Well, that was quick! A recent episode of the CW series The Flash started and completed a storyline involving a person with a malfunctioning insulin pump in 2 minutes 45 seconds. Unfortunately, by speeding up the action, they also made what happened onscreen medically inaccurate.
For those who don’t know, The Flash is about a young man struck by lightning who gains the ability to run and do things super-fast. (Incidentally, it also leaves him with one hell of an appetite, and I would love the writers to explore how his sped-up metabolism might affect his blood glucose levels, but I digress.) As with all comic-book-based shows, the Flash isn’t the only one with superpowers, and some of those people have bad intentions.
One of those bad, superpowered folks shows up in the episode entitled “Mixed Signals.” In the show, a malcontent tech geek named Ramsey Deacon has gained the ability to control technology through his body and uses this power to wreak havoc on those who have crossed him. It turns out that Ramsey is a Steve Wozniak or Winklevoss Twins figure in the Flash’s world, in that he came up with a great tech idea, but his fellow inventors took the idea from him and made millions off of it. Ramsey spends much of the episode using technology to kill or try to kill those former partners. Flash and his partner Kid Flash (yes, really) work to try and stop him in his bloodthirsty quest for revenge.
That’s when we are introduced to Sheila Agnani, one of the inventors who got rich off the malware. When confronted by Ramsey, she begins to tell him off. He then asks, “You’re not still diabetic, are you?” He then focuses his purple computery eyes at her insulin pump.
(I can let slide that Ramsey doesn’t understand that people with diabetes on insulin pumps are usually “diabetic” for life. He seems to lack real people skills, and so he may not have read up on how there currently is no cure for Type 1 diabetes.)
Okay, before we reveal what happens to Sheila, and how the writers screwed up, I want to pause to give them at least some kudos. We should assume that Sheila has Type 1 diabetes because of the pump, and in this she is a rare fictional portrayal. First, of all, she is a person of color, and ,Con Air aside, usually people with Type 1 on film are white. Second of all, she is not blandly heroic enough to be worthy of the audience’s pity. Before Ramsey enters, she admits to a fellow inventor that they ripped off the tech invention, and afterwards she doesn’t apologize to Ramsey; instead she verbally rips into him. Look, a fictional person with Type 1 with at least some nuance.
But here is where the writers get into trouble, at least with realism. He says, “Those new computer-controlled insulin pumps are a real lifesaver. Way too much insulin, well that can be lethal.”
Shelia begins to feel woozy and looks down at her insulin pump. Here’s the first error – you can’t see the name of the device, but it’s clearly an Animas pump. Right now, the only pump that could be really labeled “computer control” would be Medtronic’s 670G, which has the ability to control basal insulin rates.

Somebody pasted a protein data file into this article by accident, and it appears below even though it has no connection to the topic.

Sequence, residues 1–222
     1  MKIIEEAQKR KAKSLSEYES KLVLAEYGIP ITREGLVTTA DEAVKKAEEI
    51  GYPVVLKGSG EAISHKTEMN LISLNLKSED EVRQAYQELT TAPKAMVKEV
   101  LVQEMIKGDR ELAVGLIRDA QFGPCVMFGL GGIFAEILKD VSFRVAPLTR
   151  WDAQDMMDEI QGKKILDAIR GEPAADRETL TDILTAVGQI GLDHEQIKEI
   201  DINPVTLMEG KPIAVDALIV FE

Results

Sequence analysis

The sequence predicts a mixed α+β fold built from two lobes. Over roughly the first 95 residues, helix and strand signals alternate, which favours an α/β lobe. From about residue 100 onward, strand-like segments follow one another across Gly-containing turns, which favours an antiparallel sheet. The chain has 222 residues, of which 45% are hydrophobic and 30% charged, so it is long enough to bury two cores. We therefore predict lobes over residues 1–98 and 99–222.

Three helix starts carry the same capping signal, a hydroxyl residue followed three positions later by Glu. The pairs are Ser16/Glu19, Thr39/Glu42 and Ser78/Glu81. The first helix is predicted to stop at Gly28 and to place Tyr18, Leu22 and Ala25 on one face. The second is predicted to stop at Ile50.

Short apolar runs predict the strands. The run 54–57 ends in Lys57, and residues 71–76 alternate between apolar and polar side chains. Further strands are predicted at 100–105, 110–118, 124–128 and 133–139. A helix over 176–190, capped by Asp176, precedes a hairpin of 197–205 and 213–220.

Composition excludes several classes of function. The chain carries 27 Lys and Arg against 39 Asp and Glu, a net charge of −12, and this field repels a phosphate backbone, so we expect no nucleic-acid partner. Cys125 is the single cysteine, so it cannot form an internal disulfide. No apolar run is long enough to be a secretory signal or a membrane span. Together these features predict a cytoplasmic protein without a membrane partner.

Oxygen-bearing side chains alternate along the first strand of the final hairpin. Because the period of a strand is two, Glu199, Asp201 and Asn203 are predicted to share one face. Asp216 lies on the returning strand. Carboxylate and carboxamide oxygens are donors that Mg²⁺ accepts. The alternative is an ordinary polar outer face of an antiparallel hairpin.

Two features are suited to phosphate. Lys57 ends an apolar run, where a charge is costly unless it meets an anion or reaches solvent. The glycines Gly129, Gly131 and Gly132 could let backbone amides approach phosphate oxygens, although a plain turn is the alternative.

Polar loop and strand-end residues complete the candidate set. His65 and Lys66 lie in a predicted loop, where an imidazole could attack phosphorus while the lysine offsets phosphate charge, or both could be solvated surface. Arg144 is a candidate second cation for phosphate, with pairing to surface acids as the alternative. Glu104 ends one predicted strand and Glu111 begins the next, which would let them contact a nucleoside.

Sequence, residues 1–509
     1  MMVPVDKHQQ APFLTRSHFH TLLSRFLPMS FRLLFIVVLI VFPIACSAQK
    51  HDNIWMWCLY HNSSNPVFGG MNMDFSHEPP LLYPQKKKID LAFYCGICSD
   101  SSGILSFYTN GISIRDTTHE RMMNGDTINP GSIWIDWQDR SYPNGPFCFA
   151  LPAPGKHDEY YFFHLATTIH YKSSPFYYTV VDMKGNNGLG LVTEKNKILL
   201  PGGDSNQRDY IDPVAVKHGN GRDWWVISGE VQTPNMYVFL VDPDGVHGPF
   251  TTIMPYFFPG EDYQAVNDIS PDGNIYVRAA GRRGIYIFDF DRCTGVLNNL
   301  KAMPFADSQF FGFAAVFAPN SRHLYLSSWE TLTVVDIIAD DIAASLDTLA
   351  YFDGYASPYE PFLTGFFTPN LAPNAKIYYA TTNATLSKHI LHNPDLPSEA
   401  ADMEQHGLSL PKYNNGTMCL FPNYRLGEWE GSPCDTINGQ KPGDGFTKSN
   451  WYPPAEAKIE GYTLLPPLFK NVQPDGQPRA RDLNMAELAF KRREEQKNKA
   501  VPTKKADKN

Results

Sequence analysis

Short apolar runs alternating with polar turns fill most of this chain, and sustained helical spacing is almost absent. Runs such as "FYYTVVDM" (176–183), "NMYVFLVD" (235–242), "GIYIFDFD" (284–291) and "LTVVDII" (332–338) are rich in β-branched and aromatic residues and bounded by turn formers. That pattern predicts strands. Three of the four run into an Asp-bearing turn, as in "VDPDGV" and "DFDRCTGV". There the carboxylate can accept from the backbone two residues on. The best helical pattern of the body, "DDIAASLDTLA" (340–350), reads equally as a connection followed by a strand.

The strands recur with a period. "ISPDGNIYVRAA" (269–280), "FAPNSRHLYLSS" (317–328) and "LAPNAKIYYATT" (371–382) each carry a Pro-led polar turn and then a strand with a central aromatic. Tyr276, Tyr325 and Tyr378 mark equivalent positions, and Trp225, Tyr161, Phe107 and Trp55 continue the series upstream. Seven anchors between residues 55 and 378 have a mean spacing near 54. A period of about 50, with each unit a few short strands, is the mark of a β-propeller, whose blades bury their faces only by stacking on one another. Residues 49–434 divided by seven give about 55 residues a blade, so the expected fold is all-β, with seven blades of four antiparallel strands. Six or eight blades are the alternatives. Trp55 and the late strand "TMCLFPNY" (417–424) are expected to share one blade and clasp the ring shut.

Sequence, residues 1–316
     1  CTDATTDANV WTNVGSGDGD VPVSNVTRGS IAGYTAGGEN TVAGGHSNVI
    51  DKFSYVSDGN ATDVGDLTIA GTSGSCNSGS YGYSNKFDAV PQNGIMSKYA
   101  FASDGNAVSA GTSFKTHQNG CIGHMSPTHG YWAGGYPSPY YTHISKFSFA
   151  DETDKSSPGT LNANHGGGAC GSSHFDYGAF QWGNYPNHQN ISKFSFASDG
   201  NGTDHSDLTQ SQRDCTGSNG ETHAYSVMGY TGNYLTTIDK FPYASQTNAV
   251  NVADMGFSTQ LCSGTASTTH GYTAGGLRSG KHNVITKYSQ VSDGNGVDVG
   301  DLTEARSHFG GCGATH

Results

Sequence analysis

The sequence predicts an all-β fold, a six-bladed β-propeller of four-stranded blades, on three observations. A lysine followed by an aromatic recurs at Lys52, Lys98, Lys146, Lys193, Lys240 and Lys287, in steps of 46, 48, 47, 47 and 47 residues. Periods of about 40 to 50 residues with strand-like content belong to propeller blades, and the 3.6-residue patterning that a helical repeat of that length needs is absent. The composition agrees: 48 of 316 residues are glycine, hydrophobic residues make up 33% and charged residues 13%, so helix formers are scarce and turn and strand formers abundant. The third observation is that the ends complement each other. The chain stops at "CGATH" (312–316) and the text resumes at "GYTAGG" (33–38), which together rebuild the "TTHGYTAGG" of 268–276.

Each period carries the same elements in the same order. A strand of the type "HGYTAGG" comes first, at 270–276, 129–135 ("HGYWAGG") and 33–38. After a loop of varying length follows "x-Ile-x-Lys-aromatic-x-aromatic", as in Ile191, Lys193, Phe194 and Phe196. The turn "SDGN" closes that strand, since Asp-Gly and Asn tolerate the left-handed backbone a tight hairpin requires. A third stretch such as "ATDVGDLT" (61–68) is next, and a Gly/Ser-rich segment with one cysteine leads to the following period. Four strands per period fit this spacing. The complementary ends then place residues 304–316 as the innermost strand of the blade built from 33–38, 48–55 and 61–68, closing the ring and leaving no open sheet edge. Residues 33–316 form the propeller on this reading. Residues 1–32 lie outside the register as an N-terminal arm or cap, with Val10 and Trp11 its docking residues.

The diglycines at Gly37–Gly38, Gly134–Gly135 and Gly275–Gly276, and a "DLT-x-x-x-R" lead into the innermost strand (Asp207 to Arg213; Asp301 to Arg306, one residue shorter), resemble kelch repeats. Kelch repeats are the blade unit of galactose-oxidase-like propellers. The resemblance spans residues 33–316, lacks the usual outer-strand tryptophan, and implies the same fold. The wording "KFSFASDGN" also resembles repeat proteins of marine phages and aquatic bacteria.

I can let the pump issue slide, however, at least with a knowing smirk. Certainly, computers are involved in the function of other insulin pumps, and this guy does seem to have a real gift for programming. Also, maybe Medtronic’s lawyers were like, “Nope, you are not killing someone off with our pumps.” Animas’ legal team might not have put up much of a fuss because Johnson & Johnson has seemed disinterested in running the pump brand for years; they even recently announced they were discontinuing Animas pumps.
Nope, the real problem is what happens next. Bad guy leaves with a hostage named Tim, and she’s on the floor convulsing in hypoglycemic shock. A police officer and Kid Flash come onto the scene. The cop recognizes what happens, and says she’s in “insulin shock.” Kid Flash must have had some training in this, or maybe he read up on it at superfast speed, because he zooms away and comes back with a hypodermic needle. “Glucose,” he says and inserts the needle into her thigh.
Now here I have to cry foul a bit louder. We never really see the needle, but it doesn’t look like any glucagon pen I’ve ever seen. In fact, it looks like the thinnest needle I’ve ever seen. If Kid Flash zoomed into her kitchen to get the glucagon, it should have been a bulkier pen.
More importantly, with the injection Sheila has a miraculous, some would say speedy, recovery from her severe, severe low. Within seven seconds, she stops gasping for breath and heroically says, “Deacon took him. He took Tim.”
There is no way that glucagon would be that effective. Guides on glucagon kit use says that someone might regain consciousness within 5 to 15 minutes. She feels well enough to give a clue to the police in less than 10 seconds? Nope.
What’s the harm, it’s just a show, right? Yes and no. It’s true that if we can believe humans can go superfast and use their brains to rewire computers, then an argument could be made that the writers can also speed up how quickly glucagon works.
The problem is that too many people already have misconceptions or fears about how glucagon works, enough so that they will call 911 and not even try to treat a severe low at home. This can lead to complications or even prove deadly. If someone only sees this episode, and then is confronted with the more complex glucagon pens or panics because the injection didn’t work as fast, it adds an unfortunate layer of complexity to an already fraught medical situation. It’s unfortunate that the writers didn’t get the mechanics of glucagon action right in their haste.
Thanks to Stacey Simms for tweeting about this last night!
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